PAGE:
Philosopher André Gorz returns, in one of the last texts to appear before his death, to the dynamic of financial capitalism and the reasons why we may see guaranteed social income as an opportunity to exit capitalism.
Is the universal allocation of a guaranteed social income (RSG [in French]) compatible with capitalism? If so, is the RSG objective to consolidate capitalist society, even save it? If not, can it undermine the bases of this society or smooth the transition from an economic system based on commercial value towards a fundamentally different system?
The dialectic of exploitation and repression, forms of self-organization, and the avoidance of vulgar workerism
CLR James issue of Radical America, a left wing magazine established by members of the Students for a Democratic Society (SDS).
Vol. IV, No. 4 MBV. 1970
Introduction by Martin Glaberman
PHILOSOPHY AND MODERN SOCIETY
Excerpt from Modern Politics (1960) ............ 3
The Revolutionary Solution to the Negro Problem
in the United States (1947) ................ 12
Excerpt from State Capitalism & World
Revolution (1949) ..................... 19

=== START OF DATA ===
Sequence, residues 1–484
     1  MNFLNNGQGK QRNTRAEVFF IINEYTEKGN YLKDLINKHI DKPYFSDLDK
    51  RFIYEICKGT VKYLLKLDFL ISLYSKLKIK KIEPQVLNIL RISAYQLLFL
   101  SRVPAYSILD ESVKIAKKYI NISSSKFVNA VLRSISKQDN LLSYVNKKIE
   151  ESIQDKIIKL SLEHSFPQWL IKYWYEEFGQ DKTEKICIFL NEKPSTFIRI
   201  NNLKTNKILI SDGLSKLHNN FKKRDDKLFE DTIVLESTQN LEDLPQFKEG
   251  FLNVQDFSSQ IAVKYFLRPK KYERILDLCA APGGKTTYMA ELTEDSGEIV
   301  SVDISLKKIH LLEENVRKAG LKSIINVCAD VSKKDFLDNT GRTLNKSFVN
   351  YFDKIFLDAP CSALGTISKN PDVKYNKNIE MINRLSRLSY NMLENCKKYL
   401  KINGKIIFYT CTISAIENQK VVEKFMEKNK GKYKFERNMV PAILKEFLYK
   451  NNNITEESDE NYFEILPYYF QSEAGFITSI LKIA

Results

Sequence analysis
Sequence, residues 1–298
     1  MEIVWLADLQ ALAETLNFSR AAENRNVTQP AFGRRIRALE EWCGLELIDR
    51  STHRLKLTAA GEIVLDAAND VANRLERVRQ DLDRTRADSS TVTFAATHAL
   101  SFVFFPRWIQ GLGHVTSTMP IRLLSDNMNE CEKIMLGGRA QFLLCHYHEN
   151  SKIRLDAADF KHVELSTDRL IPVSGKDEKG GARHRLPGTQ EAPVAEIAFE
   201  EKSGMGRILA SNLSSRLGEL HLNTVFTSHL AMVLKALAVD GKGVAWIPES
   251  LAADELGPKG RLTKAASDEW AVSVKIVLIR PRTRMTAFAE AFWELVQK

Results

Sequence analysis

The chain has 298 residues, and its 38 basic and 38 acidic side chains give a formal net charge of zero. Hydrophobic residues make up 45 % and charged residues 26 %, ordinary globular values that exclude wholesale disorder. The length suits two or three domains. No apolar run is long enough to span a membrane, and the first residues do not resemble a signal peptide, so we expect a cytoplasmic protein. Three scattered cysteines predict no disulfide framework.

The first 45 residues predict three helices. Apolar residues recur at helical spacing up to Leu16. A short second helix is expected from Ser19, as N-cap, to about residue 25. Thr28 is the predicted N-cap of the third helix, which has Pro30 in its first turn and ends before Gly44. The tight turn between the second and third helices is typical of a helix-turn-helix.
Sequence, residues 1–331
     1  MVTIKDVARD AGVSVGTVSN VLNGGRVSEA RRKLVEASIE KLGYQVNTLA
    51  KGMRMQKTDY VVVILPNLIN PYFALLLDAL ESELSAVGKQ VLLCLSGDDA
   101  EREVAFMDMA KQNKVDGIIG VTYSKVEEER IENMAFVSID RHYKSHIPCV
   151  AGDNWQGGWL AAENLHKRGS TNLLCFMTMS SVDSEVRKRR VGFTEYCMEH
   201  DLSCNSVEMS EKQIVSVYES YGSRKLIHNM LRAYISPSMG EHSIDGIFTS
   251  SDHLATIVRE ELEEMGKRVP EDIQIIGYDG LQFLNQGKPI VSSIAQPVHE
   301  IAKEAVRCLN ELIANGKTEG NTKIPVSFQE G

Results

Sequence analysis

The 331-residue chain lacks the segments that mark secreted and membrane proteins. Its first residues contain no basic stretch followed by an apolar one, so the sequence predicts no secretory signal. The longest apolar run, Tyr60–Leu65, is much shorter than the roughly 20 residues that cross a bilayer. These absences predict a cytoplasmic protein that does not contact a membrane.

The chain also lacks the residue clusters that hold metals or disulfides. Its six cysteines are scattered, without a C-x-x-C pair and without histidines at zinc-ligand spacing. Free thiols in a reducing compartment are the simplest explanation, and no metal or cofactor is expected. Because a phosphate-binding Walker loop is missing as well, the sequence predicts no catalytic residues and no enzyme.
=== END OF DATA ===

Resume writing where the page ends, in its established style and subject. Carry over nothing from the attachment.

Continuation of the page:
A central part of our organising practice at Recomposition is direct action. In this piece our comrade Marianne addresses criticisms of Occupy Wall Street and the importance placed in that movement on a direct action strategy.
The following is not a commentary on, much less a defense of, David Graeber – with whom I disagree. It is a critique of key facets of the ideology of Andrew Kliman.
Malcolm Harris contests the viability of Berardi's conception of "slowing down" to defeat capitalism.
Of the anti-capitalist scholars and intellectuals who prescribe a political program, Franco Berardi might have the most counter-intuitive ideas. In his many articles, books, and lectures, Berardi pushes a curious line against a mind-warping market culture.
Ellen Meiskins Wood analyses the extent to which capitalism can be separated into political (state) and economic (market) spheres.
The intention of Marxism is to provide a theoretical foundation for interpreting the world in order to change it. This is not an empty slogan. It has—or ought to have—a very precise meaning.
Robert Brenner's critique of the market-focused theories of development which overlook class structures and relations, opening the door for third-worldist ideology.